When creating a status report and the process around it, consider the following:

  • What decisions does the leader make each day / week / month / ad-hoc?  Why?

  • What information does the leader need in order to make those decisions?  Why?

  • Is the information needed available?  If not, why not and how can it be made available?  

  • What format and frequency best fit the leader’s decision-making needs?

  • How can the systems and processes be designed / configured to provide the needed data / information at the right time?  

  • Who are the right people to be involved?

  • What is the status reporting feedback loop?

The answers to those questions will be the framework for a real-time, relevant approach to status reporting that enables leaders to make informed decisions.


The Roles

The roles in the status reporting process must also be examined.

  • Status Users:  Any leader or manager who makes decisions based on status updates; There could be several layers of Status Users depending on the size of the organization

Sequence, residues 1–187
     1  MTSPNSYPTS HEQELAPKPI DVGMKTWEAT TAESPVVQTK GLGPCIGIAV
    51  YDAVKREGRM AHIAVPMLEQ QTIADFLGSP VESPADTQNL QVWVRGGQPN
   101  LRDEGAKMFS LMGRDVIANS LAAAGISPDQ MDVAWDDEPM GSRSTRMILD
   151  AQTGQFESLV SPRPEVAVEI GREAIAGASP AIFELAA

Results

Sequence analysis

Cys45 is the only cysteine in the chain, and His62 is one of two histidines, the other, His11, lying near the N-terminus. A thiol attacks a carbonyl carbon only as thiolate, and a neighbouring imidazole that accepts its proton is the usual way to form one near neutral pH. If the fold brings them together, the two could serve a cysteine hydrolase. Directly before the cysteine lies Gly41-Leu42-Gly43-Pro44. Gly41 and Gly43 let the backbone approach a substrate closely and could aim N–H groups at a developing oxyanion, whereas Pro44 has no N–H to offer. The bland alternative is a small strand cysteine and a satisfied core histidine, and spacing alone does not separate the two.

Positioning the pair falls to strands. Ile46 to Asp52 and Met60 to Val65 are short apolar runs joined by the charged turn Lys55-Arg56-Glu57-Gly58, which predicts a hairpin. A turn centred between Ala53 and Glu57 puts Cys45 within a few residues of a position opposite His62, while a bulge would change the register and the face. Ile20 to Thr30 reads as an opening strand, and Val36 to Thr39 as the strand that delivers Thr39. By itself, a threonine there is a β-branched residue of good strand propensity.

• Status Reporters:  Anyone who sifts through data to create recurring or one-time reports; These people could have dual roles, by also being mid-level Status Users

  • Status Makers:  Anyone whose work is status-worthy, but they don’t have to do the formal status reporting

A big issue with status reporting is a lack of communication, which is ironic since communication is a key status report objective.  Typically, there’s plenty of communication about the status itself, but very little communication between the three roles as to whether the status is relevant.  


The complaint I hear from Status Users is, “They don’t know what’s important to me and the organization.”  The complaint I hear from Status Reporters and Makers is, “I don’t know why we do this. No one ever looks at it or does anything with it.”  Clearly there’s a disconnect that communication would go a long way toward solving.


Organizations occasionally modify status reporting methodologies because of new leaders, new initiatives or changes in focus.  Unfortunately, these modifications are largely limited to formatting, timing and / or the delivery mechanism.  The entire approach to status reporting needs to addressed.  As with any significant organizational change, it will only work if embraced from the top down, from the Users to the Makers.


An interesting parallel to this is that organizations are drastically changing their performance management practices from static, repetitive, legacy processes to flexible, on-demand capabilities.  Status reporting is an organizational function that can and should do the same.


Special thanks to Alex Collmer and Jason Donnell, who motivated me to examine the underlying relevance of information and roles in my own reporting practices.